• Open Access

The feasibility of recruiting young men in rural areas from community football clubs for STI screening

Authors

  • Judy Gold,

    1. MacFarlane Burnet Institute for Medical Research and Public Health, Victoria, and Department of Epidemiology and Preventive Medicine, Monash University, Victoria
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  • Jane Hocking,

    1. MacFarlane Burnet Institute for Medical Research, Victoria, and School of Population Health, University of Melbourne, Victoria
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  • Margaret Hellard

    1. MacFarlane Burnet Institute for Medical Research and Public Health, Victoria, and Department of Epidemiology and Preventive Medicine, Monash University, Victoria
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Correspondence to: Ms Judy Gold, Centre for Epidemiology and Population Health Research, Burnet Institute, GPO Box 2284, Melbourne, Victoria 3001. Fax: (03) 9282 2138; e-mail: judy@burnet.edu.au

Abstract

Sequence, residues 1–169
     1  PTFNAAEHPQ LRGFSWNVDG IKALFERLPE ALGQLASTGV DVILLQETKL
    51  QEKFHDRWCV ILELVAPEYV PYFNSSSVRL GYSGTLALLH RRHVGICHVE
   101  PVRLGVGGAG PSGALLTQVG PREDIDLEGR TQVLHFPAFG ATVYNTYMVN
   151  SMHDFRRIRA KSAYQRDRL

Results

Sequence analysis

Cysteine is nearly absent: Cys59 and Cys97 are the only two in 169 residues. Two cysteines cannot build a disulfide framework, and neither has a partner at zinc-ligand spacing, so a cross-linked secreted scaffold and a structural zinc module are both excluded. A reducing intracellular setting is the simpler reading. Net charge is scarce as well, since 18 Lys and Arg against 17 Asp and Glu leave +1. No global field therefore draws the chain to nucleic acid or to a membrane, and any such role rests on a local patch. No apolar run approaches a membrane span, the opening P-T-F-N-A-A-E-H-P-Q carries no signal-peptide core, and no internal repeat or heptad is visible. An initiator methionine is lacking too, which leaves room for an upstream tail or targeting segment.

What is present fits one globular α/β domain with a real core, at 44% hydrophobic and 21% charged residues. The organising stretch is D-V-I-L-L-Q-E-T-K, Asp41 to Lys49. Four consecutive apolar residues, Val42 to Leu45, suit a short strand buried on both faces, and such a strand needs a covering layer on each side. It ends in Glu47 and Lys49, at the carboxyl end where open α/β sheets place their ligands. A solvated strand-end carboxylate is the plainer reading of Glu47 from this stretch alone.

Objective: To investigate the feasibility of recruiting young men from rural football clubs for screening for sexually transmitted infections (STIs).

Methods: Young men aged 16 to 29 were recruited from four football clubs outside of metropolitan areas in Victoria, Australia, and completed a questionnaire about sexual activity, knowledge and history of STIs, and alcohol and drug use, and provided a urine sample for STI testing.

Results: One hundred and eight participants completed the questionnaire and 92 (85.2%) also provided a urine sample. More than 90% of eligible players present at the clubs on the night of the study participated. Eighty-seven participants (80.6%) had ever had penetrative sex, with 33 (39.3%) reporting a new sexual partner in the past three months. Among those who had ever had sex, the prevalence of chlamydia was 3.9% (95% CI 0.8-11.0). While the majority of participants visited their doctor in the past year (78.7%) and were comfortable with the idea of an annual STI screen, few had ever discussed sex or STIs with their doctor or had a previous STI test.

Conclusion: Young men from rural areas may be at considerable risk of STIs and many have not been previously tested. However, most are willing to participate in screening programs and the high participation rate achieved in this pilot project demonstrates the potential for screening to be successfully extended into non-medical settings such as sporting clubs.

Implications: Young people at risk of STIs can be successfully recruited for STI screening from community settings.

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